Traditional arts and crafts suffered greatly during Afghanistan’s long years of civil conflict, but over the last decade, the country has seen a renaissance of traditional art forms and the launch of a brand-new generation of artisans. One group spearheading this remarkable revival is the nonprofit, nongovernmental organization Turquoise Mountain, an international association founded in 2006 that is dedicated to revitalizing historic areas in Afghanistan and to spurring the development and growth of the Afghan arts and crafts industry.
One of Turquoise Mountain’s most important initiatives is the Turquoise Mountain Institute. As the premier arts vocational training institution in Afghanistan, the Institute is where the country’s future master artisans get their start. Around 15 students are accepted every year via a highly competitive application process, and successful candidates then receive three years of intensive training in their particular craft from some of the world’s most distinguished artisans (both Afghan and international faculty teach at the Institute).
In addition to offering world-class training in disciplines like woodworking, ceramics, and jewelry-making and gem-cutting, the Institute serves as the home of the Alwaleed Philanthropies School of Calligraphy and Miniature Painting. Calligraphy is a highly revered art form throughout Afghanistan and the rest of the Islamic world, and it has a rich and captivating history that few Westerners are familiar with. Read on for some fascinating facts about the beautiful art of Islamic calligraphy.
Islamic calligraphy is a sacred art form.
Islamic calligraphy began as the practice of handwriting text directly from, or based on the contents of, the Quran, the sacred book of Islam. Early calligraphers drew inspiration from significant parts of the Quran and particular sayings of the Prophet Muhammad, such as the statement “God is beautiful and loves beauty,” and they took these messages to heart in developing writing styles that would enhance and formalize the text of the Quran as people began to write it down on parchment. Because these artists regarded the words of the Quran as the verbal manifestation of divine truth, they viewed their work as an act of worship. Indeed, experts describe devoted Islamic calligraphers as adopting a meditative and almost mystical approach to penmanship, attempting to craft an inscription that is as pleasing to the eye and as rewarding to the spirit as the harmonious rhythm that emerges from recited verses of the Quran.
Islamic calligraphy exists in a surprising number of places.
While Islamic calligraphy began as the act of inscribing the Quran onto parchment, the art form quickly expanded to other materials. Over the centuries, people have applied calligraphy to ceramics, tile, metal, stone, glass, textiles, carpets, wood, leather, and ivory. In an exhibit of Islamic art, for example, calligraphy exists on almost every precious object, from a carved jewelry box to an inlaid pen case to a decorative water pitcher. But perhaps the most striking place to view Islamic calligraphy is in architecture: Muslim structures all over the world are adorned with beautifully crafted, flowing script running throughout the building. Some of the most famous examples include the Alhambra Palace in Spain, the Dome of the Rock in Jerusalem, Topkapi Palace in Istanbul, and the Taj Mahal in India.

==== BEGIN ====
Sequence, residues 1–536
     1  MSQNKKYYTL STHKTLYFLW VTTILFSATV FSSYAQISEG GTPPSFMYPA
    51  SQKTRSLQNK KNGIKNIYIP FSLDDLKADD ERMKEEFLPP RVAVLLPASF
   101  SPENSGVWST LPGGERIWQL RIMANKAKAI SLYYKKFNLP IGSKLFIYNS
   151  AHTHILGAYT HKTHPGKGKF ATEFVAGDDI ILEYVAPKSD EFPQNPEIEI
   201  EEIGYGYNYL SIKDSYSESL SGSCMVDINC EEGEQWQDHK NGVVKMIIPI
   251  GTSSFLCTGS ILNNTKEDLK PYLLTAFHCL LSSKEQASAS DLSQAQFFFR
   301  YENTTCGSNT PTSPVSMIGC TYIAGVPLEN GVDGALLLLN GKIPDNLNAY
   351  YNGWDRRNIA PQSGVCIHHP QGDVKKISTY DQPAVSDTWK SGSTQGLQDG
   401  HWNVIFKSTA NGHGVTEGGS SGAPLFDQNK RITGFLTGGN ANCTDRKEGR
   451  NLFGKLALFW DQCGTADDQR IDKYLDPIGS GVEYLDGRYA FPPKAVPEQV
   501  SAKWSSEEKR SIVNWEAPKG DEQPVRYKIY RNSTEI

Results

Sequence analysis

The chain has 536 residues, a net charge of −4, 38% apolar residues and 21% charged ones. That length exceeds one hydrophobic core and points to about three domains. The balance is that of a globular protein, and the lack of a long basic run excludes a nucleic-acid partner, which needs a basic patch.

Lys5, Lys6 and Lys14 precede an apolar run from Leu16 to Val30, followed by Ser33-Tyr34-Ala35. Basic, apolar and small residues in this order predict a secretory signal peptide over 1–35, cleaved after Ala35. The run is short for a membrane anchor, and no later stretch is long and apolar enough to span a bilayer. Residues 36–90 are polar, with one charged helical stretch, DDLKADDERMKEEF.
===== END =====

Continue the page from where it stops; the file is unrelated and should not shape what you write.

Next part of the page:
The instrument that people use to write calligraphy is called a qalam.
The tool that Islamic calligraphers use to create their art is called a qalam. Made from a dried bamboo stem or sometimes a dried reed, the qalam is treated and carved to hold different-colored inks. It’s important to understand, however, that the qalam is much more than just a pen—it is a spiritual tool. In fact, Muslim literature states that the first thing that God created was the qalam, which had the sacred duty to record everything that happened in a person’s life. In addition, because a calligrapher spends so much time using the qalam, it essentially becomes an extension of the hand and a repository for the calligrapher’s ideas and feelings.
For all these reasons, the qalam is treated with a particular reverence, and there’s perhaps no better illustration of this than the ritual of the qalam shavings. According to a custom long respected by calligraphers, all the shavings a calligrapher produces whenever he or she cuts and sharpens his or her qalam must be kept, from the calligrapher’s first day of learning to the day he or she dies. After the death of a calligrapher, the family performs the ritual of collecting the shavings and burning them in the fire that heats the water that will be used to wash the calligrapher’s body. In this way, the calligrapher and his or her qalam both disappear from the material world together.
There are a number of different script styles in Islamic calligraphy.
While “Islamic calligraphy” is referred to as a single discipline or art form, there are several different script styles that calligraphers use depending on what they are writing and where they are writing it. For example, the Kufic style, which was popular during the 7th through the 10th centuries, is one of the oldest script forms and the source for other major styles that emerged later, while the Thuluth script style, which developed in the 9th century, was often used for architectural inscriptions because of its larger size and high visibility.